Dishwashers, Goldfish and Death


Years and years ago my grandson and daughter lived with us. We bought our grandson a goldfish when he was almost four. He named it Skipper. One day, after several months, he came to me and said “Grandpa, Skipper stopped.” He was new to the concept of death. Observing him taught us so many new ways of looking at life. He turned twenty in October and is doing well in his sophomore  year working toward a Bachelor of Animation. He is now showing his professors new ways of looking at their worlds and their art.

Now for a more mundane topic: About six weeks ago our dishwasher, like Skipper, “stopped.” It was only six. No lights at all. No noise. No water. Nada.

I was new to the concept of dishwasher repair, but mistrustful of bringing someone in to repair it. After a couple of weeks dealing with other priorities I set up an appointment with the department store’s repair service and had almost 10 days to wait for them to come out. I chose the large corporation because I figured people working for them would be on a salary and less likely to exaggerate the dishwasher’s problem for personal profit. However, I had time to look into fixing it myself. The Web is full of ideas about what the cause of “stopping” might be. Two expensive possibilities were the small electronic control board (the “brain”) and the actual console with the control buttons. Both parts were almost $200 Canadian, over that with tax. The visit itself would’ve been $80 plus 13% tax – and labour would be another big chunk, especially if the built in dishwasher had to be wrestled out of its sunken nest. (The genius that installed ceramic tiles on our first floor hall, kitchen, powder and laundry rooms in 2007 thought it would be good to raise the floor about 3/4″, just enough to create zero clearance under the kitchen counter for the new dishwasher we had installed three years later in 2010.)

We were looking at over $400 if the problem was one of the big ones. More still, if it was a thermostat or other item that required moving the unit to fix.

So my research began in earnest. Part number variations, youtube videos, phoning the seller, the manufacturer and a handy friend who lives 2000 miles West of us. Managed to establish that the power supply by direct connection was live, without getting electrocuted in the attempt. Bought a multimeter to test continuity on the switches and the thermal fuse and whatever else. Replaced the thermal fuse even though it looked OK because it was only $25 and many posts on the website said it was a very likely cause. That wasn’t it. I canceled the service appointment anyway after the kind person at the service desk who sold me the fuse pointed out that the department store now  uses subcontractors, who are no less likely to inflate the repair cost than someone selected from the “Yellow Pages.”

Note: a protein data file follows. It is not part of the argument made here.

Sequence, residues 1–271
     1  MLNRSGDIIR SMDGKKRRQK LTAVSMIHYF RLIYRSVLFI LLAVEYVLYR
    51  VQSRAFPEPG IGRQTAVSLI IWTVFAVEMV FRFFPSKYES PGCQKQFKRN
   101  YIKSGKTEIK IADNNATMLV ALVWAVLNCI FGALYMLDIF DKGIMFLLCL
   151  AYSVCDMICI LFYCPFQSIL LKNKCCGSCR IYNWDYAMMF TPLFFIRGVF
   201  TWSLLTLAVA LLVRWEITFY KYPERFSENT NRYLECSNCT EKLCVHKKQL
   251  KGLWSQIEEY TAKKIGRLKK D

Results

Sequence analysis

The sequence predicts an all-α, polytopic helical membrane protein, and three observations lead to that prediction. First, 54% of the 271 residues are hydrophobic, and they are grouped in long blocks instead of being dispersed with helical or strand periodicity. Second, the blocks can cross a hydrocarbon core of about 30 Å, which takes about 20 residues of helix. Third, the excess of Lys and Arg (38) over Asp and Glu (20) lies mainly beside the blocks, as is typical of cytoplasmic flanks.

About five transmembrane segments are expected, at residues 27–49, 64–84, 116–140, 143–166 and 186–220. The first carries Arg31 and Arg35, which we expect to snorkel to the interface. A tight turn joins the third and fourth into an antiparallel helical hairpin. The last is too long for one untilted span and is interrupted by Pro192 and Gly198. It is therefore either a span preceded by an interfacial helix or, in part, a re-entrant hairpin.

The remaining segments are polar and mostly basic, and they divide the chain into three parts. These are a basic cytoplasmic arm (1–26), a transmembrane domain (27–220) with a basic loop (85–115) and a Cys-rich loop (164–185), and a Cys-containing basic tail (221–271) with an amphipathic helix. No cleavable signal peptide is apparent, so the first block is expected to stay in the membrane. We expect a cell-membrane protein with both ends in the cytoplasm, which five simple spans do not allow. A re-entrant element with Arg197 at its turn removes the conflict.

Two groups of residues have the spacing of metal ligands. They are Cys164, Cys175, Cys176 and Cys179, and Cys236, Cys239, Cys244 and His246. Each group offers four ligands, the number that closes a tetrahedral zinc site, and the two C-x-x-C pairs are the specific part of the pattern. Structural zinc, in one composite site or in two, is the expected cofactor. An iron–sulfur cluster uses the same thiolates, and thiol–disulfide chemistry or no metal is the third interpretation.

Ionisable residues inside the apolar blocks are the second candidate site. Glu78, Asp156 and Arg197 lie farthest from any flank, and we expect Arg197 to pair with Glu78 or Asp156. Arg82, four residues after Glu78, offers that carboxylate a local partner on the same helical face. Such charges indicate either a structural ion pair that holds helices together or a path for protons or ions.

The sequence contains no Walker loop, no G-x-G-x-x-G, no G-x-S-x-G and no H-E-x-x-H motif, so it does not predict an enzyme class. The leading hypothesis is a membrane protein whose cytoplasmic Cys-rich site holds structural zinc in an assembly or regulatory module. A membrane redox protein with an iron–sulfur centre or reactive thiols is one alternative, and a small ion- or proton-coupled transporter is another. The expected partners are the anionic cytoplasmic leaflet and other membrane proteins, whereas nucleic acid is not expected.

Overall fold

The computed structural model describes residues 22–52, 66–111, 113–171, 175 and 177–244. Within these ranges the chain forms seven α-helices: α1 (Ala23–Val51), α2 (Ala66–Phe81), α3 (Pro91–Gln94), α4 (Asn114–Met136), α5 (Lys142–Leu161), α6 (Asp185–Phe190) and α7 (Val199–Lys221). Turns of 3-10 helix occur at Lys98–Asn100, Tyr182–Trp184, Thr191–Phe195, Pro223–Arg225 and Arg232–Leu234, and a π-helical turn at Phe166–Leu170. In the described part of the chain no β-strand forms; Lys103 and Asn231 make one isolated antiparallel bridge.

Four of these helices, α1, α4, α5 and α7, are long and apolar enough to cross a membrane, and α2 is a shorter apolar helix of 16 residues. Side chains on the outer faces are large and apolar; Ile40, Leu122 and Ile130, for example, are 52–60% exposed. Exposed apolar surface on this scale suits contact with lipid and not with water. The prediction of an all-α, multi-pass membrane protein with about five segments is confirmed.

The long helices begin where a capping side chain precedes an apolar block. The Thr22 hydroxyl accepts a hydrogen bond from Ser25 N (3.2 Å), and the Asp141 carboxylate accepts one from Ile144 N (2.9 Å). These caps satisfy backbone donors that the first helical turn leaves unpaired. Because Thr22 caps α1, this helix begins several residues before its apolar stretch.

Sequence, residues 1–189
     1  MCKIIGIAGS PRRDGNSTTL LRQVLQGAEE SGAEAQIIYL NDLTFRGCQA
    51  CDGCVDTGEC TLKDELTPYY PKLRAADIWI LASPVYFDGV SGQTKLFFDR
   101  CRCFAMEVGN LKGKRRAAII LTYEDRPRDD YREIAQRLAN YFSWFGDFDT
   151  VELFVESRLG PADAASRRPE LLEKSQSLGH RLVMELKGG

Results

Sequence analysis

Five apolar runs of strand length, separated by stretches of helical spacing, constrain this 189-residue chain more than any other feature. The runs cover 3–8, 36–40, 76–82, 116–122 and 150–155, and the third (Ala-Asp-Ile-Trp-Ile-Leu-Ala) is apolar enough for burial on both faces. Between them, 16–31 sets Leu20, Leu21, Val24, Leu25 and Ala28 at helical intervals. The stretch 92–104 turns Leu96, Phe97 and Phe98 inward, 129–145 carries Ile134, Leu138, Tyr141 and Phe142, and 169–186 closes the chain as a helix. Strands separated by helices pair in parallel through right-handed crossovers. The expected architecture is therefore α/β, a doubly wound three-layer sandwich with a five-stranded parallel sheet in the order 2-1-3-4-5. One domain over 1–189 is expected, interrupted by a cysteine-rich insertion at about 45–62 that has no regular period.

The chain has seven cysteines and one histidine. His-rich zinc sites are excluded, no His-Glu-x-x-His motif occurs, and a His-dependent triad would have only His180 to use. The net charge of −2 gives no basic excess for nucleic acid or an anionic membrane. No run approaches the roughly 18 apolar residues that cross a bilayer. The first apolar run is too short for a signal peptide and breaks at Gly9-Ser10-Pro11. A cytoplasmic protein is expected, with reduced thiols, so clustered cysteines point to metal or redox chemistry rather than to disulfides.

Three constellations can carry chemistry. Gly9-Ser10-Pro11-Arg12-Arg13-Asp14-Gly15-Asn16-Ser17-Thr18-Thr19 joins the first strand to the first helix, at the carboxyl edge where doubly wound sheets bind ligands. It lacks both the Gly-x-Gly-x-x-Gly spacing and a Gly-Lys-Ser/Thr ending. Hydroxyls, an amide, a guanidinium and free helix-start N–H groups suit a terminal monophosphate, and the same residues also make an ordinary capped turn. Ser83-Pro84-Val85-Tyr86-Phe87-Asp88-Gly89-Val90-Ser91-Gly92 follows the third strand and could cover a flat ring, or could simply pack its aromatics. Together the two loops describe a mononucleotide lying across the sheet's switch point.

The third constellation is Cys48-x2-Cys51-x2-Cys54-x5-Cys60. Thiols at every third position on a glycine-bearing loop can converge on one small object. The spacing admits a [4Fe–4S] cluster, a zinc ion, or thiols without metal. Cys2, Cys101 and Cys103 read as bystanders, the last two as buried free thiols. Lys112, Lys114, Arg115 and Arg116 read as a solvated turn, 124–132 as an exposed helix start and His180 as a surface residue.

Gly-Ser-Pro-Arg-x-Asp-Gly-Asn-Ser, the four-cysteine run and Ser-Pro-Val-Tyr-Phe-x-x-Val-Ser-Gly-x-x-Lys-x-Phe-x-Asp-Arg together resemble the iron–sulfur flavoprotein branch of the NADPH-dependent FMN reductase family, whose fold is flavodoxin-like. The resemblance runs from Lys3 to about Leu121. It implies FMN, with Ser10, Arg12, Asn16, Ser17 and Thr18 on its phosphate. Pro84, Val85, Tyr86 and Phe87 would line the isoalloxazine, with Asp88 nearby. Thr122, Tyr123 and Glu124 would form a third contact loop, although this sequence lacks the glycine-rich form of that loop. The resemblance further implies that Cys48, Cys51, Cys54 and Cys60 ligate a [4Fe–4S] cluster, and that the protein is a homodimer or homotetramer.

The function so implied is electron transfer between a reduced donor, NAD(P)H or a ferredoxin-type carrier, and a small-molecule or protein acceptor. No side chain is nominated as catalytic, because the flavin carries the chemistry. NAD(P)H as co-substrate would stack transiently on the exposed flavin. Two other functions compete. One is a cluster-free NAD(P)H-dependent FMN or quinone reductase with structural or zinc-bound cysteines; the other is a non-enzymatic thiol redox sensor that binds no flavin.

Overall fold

Sloowwly the main suspect became the $180 console with the front buttons, which houses the door latch and “brain.” Though it could not be checked, it looked stained in inner areas, very probably because the left side plastic housings for the console had been stripped by the turkey that assembled it during manufacturing. This defect did not show during the six years we owned it, until it “stopped” and I took it apart.

Next, I cheekily called the brother of an acquaintance who had fixed our washer and dryer before and asked him whether the console panel was a likely cause. He said yes. I asked for a per cent probability. He said “90%.” I asked about the electronic control board and he said “almost never.” I said; “Many thanks!”

Aware that the department store’s parts department would not allow me to return the console if it didn’t fix the problem, I gambled the $200 and ordered it “rush.” It came in 6 days and I picked it up this morning. I was fourth in line.  In line ahead of me were three do it yourselfers who had issues with part number errors and shipping errors. We chatted pleasantly with each other. We even talked about the November 8th election and, bingo, the 40 minute wait for the first customer’s issue to be resolved to her satisfaction just FLEW by.

Nobody encountered during this experience was anything but pleasant to deal with. People called were invariably keen to help and suggest others that might help. The local parts clerks were longsuffering and conscientious: patiently trying to decode parts numbers submitted by removing unnecessary and misleading early letters, trying other numbers I had seen on the Web, rushing my second order and – getting it right!

And, my gamble paid off. We have lights! We have water! We have the right gurgling sounds. I’ve saved at least $200. High fives all around!

Personally, we don’t mind washing dishes. If I could have thrown the thing out without leaving an ugly hole in the kitchen, I might have. But then I wouldn’t have met so many nice people…

I can at last say and, thanks to the great Leonard Cohen, who “stopped” yesterday, even SING…

“Hallelujah!”

Or, to show a deeper dialogue of that amazing poet with his complex god: You Want It Darker This sort of piece has nothing at all to do with the mundane… Incredible final statement.

 

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Author: mytiturk

Travelbug Minstrel: Strum for my supper, croon for my cuppa Search for a sign, write for my whine

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